The perfect gift?

Writer's Stop
Writer’s Stop (Photo credit: Stephh922)

The tree is up and decorated, the cards are written and posted, and the presents are bought and wrapped. It’s beginning to look a lot like Christmas. All of this and the fact that and the shops are full of celebrity biographies. I have a real problem with celebrity biographies. I’m a firm believer that a biography (auto or otherwise) should be written when one reaches the autumn of ones years. How on earth can you reflect, contemplate, ruminate and ponder on a life until you have lived it? What wisdom do these people have to impart to us? For the most part it seems to be falling out of nightclubs, getting your photo taken by the paparazzi, and making obscene amounts of money for having sod all talent Not that I’m bitter at all you understand.

Are we really supposed to believe that many of these people have written the thrilling account of their lives so far themselves? When do they get the time? Finding your voice, developing your narrative, deliberating endlessly over one sentence or even word, spending days, weeks, months proof reading and editing to try and get your work as perfect as you can takes an incredible amount of time; as many of you reading this know only too well. I guess if you want to be famous for being famous your ego will naturally assume that the public want to read every little minute, mundane detail about your life. And, for the most part, it seems they’re right. Otherwise, why would publishers be falling over themselves to get these literary delights into the bookshops for Christmas?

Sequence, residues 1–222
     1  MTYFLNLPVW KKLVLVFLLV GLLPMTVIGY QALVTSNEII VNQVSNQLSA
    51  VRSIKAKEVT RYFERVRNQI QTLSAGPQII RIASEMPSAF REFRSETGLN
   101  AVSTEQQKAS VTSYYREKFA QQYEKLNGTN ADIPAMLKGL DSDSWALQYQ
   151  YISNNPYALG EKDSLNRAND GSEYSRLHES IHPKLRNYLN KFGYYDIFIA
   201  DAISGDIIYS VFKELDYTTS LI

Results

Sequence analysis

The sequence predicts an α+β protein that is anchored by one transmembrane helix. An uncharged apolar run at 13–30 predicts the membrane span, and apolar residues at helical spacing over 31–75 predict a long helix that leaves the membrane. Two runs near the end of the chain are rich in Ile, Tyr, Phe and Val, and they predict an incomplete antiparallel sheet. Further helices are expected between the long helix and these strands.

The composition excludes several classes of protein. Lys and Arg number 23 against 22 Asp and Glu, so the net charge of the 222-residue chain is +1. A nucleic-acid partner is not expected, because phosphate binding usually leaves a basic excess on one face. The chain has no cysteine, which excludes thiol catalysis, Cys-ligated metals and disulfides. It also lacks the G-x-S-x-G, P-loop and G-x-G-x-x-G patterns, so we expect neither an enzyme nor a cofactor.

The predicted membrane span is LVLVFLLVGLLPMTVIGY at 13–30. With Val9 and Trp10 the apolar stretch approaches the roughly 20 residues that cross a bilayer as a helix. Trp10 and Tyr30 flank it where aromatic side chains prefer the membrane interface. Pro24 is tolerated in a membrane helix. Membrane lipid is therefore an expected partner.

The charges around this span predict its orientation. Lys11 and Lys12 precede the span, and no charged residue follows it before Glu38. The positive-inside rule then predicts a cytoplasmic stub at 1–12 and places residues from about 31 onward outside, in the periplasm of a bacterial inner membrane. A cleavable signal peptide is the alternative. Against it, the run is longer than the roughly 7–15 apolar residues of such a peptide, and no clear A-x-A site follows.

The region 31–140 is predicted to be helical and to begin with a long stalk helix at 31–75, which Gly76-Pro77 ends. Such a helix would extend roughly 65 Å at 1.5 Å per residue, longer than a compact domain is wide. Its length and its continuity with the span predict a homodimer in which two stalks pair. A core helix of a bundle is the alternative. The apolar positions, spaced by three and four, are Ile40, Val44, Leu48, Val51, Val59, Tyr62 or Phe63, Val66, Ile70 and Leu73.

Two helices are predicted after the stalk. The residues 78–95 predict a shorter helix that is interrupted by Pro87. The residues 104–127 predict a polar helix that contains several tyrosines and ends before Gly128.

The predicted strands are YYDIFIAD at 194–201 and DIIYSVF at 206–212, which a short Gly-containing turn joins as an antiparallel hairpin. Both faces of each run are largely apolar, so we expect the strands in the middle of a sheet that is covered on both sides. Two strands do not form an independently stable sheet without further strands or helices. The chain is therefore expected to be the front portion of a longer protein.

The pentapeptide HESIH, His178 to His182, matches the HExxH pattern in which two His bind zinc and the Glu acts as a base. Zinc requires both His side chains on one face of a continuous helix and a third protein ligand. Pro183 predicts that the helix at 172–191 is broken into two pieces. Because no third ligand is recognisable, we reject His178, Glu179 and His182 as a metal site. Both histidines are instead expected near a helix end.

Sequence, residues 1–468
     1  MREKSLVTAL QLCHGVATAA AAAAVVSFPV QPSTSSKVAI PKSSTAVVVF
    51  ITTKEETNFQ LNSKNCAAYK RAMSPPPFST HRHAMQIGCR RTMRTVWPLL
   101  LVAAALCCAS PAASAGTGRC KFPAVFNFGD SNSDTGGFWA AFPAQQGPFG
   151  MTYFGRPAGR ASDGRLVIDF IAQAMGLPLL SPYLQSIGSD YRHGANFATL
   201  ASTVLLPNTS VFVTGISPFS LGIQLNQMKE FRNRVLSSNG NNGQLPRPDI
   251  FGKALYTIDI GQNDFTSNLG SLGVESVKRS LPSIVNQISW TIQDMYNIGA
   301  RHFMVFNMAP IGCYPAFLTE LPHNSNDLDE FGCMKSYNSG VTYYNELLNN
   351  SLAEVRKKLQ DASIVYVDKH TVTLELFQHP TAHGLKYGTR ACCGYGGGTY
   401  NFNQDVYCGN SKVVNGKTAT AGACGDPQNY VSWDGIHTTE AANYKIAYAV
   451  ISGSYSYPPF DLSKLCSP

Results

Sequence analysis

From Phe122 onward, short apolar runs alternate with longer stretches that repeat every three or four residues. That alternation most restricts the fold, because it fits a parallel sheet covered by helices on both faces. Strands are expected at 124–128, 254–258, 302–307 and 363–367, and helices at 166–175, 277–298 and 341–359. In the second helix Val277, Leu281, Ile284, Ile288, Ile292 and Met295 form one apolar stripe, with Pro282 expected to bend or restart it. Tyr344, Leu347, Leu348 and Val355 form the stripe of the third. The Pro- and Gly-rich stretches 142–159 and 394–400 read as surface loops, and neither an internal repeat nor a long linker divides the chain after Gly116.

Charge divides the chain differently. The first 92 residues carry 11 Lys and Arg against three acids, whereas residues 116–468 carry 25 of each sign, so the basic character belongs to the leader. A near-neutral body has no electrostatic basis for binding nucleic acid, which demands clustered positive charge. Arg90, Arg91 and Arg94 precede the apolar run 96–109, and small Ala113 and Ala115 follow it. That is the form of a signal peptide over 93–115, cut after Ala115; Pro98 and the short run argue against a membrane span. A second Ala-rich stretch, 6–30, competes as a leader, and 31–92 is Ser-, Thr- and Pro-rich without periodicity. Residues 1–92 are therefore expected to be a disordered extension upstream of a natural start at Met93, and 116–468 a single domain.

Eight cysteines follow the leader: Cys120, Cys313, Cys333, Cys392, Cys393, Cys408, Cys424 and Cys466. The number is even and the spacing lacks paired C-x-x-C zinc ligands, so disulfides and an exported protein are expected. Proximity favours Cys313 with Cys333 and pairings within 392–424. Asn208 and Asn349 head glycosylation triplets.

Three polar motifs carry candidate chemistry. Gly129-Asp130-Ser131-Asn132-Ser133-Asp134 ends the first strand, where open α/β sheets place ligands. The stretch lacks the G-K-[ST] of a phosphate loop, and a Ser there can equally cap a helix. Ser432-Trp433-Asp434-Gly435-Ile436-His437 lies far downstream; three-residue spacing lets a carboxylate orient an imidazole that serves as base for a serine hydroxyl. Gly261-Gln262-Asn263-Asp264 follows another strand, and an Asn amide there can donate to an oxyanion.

The worst culprits of this, I think, are the professional writers; the journalists and comics. These are people who make a more than decent living from writing, but it appears that some of them are tempted by the lure of fame and fortune to churn out an autobiography or two long before they get their bus passes.  You would think they would know better and want to produce something that will stand the test of time. Not something that’s going to be read once and then dumped in the next charity shop bag that’s posted through their readers door.

You would think that the professional writers would want to be an ‘and’; not a bargain bucket writer. An old friend and work colleague once explained to me what an ‘and’ was. You know when you watch a TV drama and a gifted actor plays a small role. The role isn’t big enough to warrant a name check in the ‘starring’ credits. His or her name is only listed in the ‘also’ section. Except, this actor is so talented at his craft that he isn’t mentioned in the ‘also’ section. His credit is under the title ‘and’. That is when you know you have made it.

So please, if you are thinking about buying a loved one a book for Christmas, and you decide on a biography, make sure it is one that it is written by someone who has indeed lived a life. That it imparts wisdom and is inspirational to the receiver. Let it teach the reader something different, beautiful and important about the world we live in. Make sure it will be taken down and read again and again over the coming years. After all, a book should be for life, not just for Christmas.


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